De Beers is bringing back the most successful slogan in advertising history. It is the campaign that captured the hearts of two generations and gave them a reason to desire diamonds. But will it work for Millennials?
According to Stephen Lussier, CEO Forevermark,
“The millennials have all heard about it If you ask the older generation what does it mean, they will tell you and talk about timelessness. If you talk to the millennials, they will just say, ‘I just know it.’ ”
Millennials may know it, but will they buy into the concept and believe it? Lussier went on to say,
“The core premise of the slogan is the concept of emotion, at least in aspiration the relationship will be forever. The other is the concept of lasting value. It is what justifies a purchase of a diamond, part of the rationale for purchase. The other is the idea of timeless elegance of diamonds.”
And here lies the problems. Millennials do not expect that relationships will last forever. Almost half of the marriages in the US will end in divorce. Lately the divorce statistics are falling, but that has a hidden inaccuracy because the rate of marriages is also falling. In 2014 U.S. marriage rate was 31.1, or 31 marriages per 1,000 unmarried women as opposed to a national marriage rate of 92.3 per 1,000 in 1920. Marriage more often will never happen and certainly may not be forever.
Another problem is the concept of lasting value, as many Millennials and Baby Boomers discovered during the economic downturn. Buyers paid as little as $100 per carat for diamonds over one carat and offered nothing for melee. A large part of the blame can be directed at the diamond industry itself for flooding the market with very poor quality stones that could hardly be considered gems. Lasting value for most diamond jewellery was just an illusion.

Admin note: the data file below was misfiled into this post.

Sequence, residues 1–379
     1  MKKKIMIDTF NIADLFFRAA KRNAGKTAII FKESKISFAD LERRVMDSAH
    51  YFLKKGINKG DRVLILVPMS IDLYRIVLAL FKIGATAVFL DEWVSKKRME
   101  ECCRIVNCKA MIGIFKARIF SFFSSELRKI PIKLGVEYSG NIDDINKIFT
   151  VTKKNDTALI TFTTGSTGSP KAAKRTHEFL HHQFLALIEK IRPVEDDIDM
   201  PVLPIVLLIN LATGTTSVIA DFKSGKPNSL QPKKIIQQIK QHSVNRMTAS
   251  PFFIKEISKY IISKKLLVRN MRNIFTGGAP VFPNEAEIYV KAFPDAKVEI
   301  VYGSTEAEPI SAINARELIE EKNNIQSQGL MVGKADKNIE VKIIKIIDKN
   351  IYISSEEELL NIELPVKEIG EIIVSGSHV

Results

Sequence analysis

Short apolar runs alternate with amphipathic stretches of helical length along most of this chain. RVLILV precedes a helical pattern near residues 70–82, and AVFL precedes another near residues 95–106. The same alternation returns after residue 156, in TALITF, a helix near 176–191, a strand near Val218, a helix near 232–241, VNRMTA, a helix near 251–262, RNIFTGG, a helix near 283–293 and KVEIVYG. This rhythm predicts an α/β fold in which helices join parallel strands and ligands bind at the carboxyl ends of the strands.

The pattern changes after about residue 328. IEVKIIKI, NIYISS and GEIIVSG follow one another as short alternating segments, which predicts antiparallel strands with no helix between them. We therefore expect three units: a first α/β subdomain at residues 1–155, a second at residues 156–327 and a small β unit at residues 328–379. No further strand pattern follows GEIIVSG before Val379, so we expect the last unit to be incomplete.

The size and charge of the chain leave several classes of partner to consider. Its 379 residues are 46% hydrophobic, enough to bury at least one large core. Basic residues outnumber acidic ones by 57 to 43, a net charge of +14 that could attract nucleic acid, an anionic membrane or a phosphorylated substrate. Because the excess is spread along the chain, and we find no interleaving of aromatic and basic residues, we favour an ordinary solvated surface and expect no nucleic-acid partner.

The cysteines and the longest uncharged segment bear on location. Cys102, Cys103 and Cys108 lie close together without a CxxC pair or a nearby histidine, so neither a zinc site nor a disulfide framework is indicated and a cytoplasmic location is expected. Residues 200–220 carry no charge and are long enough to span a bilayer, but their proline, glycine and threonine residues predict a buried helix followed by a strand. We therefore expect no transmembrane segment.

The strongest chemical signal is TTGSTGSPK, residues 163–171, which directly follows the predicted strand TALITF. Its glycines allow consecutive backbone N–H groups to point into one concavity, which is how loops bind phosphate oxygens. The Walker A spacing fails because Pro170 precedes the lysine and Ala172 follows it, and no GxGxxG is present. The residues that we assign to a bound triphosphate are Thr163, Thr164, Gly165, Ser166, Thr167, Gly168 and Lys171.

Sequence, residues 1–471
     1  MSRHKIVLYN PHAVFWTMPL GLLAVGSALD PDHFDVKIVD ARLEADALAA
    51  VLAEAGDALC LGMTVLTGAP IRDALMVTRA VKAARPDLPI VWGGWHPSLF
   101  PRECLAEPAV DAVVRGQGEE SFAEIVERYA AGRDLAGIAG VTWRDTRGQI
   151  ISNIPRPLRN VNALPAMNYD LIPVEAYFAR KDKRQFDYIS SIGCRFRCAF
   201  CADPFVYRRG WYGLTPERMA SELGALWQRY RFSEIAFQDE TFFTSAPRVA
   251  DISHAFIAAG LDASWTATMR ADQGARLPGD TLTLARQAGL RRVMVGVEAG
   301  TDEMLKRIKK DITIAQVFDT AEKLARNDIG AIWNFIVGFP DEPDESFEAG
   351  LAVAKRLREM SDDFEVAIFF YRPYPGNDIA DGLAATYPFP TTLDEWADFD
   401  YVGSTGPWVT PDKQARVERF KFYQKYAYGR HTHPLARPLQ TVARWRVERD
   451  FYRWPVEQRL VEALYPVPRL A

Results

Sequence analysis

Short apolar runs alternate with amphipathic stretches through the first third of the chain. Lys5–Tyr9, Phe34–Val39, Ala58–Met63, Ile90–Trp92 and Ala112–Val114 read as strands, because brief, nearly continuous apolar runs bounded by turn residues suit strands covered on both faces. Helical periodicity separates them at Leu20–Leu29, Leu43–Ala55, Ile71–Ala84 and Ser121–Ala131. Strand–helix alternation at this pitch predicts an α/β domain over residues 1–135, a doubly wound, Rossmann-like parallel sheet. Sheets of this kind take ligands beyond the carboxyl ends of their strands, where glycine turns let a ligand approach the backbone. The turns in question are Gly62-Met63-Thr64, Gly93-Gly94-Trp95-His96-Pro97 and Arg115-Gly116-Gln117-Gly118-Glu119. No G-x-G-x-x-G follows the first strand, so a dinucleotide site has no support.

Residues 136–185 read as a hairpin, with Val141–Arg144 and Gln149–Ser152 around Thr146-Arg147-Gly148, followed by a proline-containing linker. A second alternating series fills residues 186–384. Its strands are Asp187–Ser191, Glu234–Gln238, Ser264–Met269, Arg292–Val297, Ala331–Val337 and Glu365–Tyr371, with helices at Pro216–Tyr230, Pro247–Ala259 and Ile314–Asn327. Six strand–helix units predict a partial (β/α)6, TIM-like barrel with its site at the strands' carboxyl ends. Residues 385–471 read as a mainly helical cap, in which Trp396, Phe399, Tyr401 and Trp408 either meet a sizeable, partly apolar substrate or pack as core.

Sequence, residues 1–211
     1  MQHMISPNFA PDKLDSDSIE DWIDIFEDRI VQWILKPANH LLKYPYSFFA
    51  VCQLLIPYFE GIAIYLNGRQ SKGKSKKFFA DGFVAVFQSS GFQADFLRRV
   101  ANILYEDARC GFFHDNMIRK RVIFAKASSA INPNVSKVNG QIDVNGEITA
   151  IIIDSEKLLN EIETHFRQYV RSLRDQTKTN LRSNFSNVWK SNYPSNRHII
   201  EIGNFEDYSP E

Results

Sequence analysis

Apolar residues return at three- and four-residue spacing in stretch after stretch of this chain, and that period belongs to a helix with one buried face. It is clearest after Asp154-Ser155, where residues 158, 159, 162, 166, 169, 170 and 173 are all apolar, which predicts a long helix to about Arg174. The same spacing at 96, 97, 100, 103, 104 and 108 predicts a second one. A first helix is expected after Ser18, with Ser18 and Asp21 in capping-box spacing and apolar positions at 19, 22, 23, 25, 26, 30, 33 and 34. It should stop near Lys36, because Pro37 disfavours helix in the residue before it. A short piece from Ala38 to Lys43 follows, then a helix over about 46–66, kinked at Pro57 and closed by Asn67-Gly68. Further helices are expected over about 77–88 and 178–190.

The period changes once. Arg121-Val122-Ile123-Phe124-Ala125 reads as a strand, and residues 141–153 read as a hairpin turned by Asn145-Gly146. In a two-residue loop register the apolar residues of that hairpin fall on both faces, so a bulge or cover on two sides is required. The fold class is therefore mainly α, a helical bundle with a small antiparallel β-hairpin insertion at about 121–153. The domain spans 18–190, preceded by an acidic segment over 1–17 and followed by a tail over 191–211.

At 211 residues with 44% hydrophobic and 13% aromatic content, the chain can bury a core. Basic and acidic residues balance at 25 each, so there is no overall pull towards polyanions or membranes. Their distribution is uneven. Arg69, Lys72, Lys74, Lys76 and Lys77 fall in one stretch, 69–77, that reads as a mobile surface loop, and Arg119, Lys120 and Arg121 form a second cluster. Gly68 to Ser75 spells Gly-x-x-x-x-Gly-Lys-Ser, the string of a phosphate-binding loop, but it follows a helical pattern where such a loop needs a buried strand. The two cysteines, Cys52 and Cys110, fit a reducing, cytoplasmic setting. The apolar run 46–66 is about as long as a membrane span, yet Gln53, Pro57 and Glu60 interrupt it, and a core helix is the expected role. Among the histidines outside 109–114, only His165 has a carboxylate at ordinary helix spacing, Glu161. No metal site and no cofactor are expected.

Even the concept of timeless elegance is outdated. Millennials typically head straight to the jewellery buyer when they inherit timelessly elegant treasures. Unlike generations before them, they tend to look to the future and have very little regard for the past. The next generation of a smartphone is far more interesting than fine vintage jewellery.
But there is still hope for the diamond industry. Rio Tinto gets it. They aren’t relying on old cliché marketing concepts. Instead they are focusing on what Millennials really want: unique designs, colour and a great story to go with it. They are not trying to push classic elegance to a generation that is decidedly casual and does not want the ostentatious displays of wealth that their parents and grandparents desired. This is the fresh approach that has a chance to capture the Millennial market.
Diamond jewellery can still play a large role in the life of the younger generations but only if the industry can let go of the past and gain an understanding of the future.